Long-term yields for U.S. Treasuries should indeed firm but be tempered by a slowing as this phase o...
What Q2 Earnings Say About the Year End
10/01/2013 9:00 am EST
S&P Capital IQ's chief investment strategist Sam Stovall shares his perspective on what the recent earnings season say about the stock market and where it's headed into year-end.
SPEAKER 1: My guest today is Sam Stovall. Hi, Sam, and thanks for joining me.
SAM: My pleasure, Nancy.
NANCY: The markets have been great and earnings didn’t seem to be too bad for second quarter. They seem to be better. I think 72%/76% of the companies actually surpassed expectations from the last thing that I saw. What is your feeling going forward into third quarter? Do you think we’re inching forward or are we going to have a pullback in earnings?
SAM: Well, I think that we’re inching forward. Heading into the second quarter reporting period, S&P Capital IQ consensus estimates called for about a 2.8% gain in earnings. We ended up with a 4.8% gains so a little bit better than anticipated. You’re right, certainly more than the 10-year average of 62% beat rate was eclipsed this time. Let’s face it, companies seem to know how to manage expectations and they’ve done that very well.
SAM: Going into the fourth quarter, right now the expectation is again for 4% to 5% increase in earnings so if we end up starting the quarter with that kind of a number maybe we end up with 6%. A slow upward trajectory. I would tend to say earnings are like a low-flying recovery and they are susceptible to dangerous down drafts, but hopefully the higher we go the less vulnerable we become.
NANCY: The market you know normally obviously anticipates earnings. Do you think we’ve gotten too far ahead of earnings at this point in time or are we playing catch up or are we okay?
SAM: We did not get too far ahead of currently projected earnings, but I think investors might be worried that projected earnings have to come down a bit. People are blaming the tapering as to the reason why the market is declining.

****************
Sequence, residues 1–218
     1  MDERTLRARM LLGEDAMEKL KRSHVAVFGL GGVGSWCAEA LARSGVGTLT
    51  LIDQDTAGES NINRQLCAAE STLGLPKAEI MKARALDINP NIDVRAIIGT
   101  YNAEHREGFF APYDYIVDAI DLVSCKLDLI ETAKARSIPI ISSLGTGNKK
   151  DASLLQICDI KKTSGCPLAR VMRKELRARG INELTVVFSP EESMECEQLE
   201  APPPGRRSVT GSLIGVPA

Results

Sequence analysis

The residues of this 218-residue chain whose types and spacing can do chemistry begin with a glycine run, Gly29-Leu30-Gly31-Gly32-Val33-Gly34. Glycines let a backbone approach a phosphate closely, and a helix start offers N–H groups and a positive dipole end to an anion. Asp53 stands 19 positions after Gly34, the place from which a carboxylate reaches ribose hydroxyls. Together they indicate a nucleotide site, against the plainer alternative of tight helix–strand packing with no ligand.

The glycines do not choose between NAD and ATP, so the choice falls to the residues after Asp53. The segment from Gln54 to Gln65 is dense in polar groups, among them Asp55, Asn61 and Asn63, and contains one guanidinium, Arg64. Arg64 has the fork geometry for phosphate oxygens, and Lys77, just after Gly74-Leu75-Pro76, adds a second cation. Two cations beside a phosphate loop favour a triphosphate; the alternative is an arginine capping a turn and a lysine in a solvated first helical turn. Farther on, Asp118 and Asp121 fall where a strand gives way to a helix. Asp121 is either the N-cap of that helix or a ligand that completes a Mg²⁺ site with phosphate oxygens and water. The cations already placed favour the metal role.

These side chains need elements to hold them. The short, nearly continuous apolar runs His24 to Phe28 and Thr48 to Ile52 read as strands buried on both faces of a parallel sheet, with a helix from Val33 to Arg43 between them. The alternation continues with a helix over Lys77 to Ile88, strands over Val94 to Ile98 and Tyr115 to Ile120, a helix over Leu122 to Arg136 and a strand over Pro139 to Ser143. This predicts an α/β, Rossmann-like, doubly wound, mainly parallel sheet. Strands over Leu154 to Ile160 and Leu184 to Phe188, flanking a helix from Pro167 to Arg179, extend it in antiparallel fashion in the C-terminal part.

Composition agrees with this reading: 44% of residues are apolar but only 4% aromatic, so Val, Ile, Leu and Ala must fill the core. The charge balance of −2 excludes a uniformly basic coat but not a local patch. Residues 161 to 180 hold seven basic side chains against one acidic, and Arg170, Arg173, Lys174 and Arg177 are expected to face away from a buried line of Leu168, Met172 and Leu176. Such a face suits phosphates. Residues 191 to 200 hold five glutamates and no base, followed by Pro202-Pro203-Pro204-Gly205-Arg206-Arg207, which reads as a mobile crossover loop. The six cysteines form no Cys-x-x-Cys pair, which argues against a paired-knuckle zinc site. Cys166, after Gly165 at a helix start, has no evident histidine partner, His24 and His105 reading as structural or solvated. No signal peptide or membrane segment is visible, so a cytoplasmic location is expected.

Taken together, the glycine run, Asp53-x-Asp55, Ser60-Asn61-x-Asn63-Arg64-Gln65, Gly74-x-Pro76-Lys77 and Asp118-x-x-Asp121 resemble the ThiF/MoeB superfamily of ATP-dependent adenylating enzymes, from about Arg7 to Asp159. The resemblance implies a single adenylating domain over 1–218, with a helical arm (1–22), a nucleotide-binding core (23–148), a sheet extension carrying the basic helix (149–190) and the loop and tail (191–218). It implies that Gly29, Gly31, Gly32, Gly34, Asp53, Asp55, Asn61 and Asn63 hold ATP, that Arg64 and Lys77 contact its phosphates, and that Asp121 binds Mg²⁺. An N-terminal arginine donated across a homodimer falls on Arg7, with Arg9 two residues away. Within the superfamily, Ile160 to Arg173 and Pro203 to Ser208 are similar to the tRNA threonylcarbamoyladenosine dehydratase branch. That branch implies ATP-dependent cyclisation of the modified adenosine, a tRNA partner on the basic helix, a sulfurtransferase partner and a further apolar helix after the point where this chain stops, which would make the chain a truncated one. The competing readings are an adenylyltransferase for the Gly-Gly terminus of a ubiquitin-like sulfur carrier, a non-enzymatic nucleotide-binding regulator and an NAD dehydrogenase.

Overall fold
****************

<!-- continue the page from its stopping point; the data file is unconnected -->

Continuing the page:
SAM: Maybe so because we’re also seeing the yield on the 10-year note creep up to 2.8%, but that’s been out there for a while.
SAM: My feeling is okay, then it’s going to be done pretty soon as a catalyst for what’s causing a concern. If we tend to shift from a liquidity-led market to a fundamentally driven one, but now we start having questions about the sustainability of earnings growth that I think could be a problem. At the same time, the Fed watches the same data that we do.
NANCY: Probably better.
SAM: Sure, if they end up saying it’s all going to be data driven, a lot of people are saying that FOMC stands for Federal Open Mouth Committee. Really they’re saying we think the economy is going to do well so what we may start to taper. On the other hand, if it doesn’t do well based on the data then we won’t. That’s not speaking out of both sides of the mouth; that’s giving two different scenarios that people choose to feel confused about.
NANCY: That’s right. Bottom line in terms of valuation of the market is there still?
SAM: Valuation, if we look at a trailing basis we’re anywhere from 5% to 9% at a discount to trailing operating earnings which some people are earnings before bad stuff as well as gap earnings which includes everything. Then looking forward, if we went back to the average PE of 16 times projected earnings during this lost decade since 2000, the S&P should be trading at 18.40 not closer to 16.40.
NANCY: I like those numbers. Well, thanks for being here.
SAM: My pleasure, thanks.
NANCY: Thanks for joining us at the MoneyShow.com video network.
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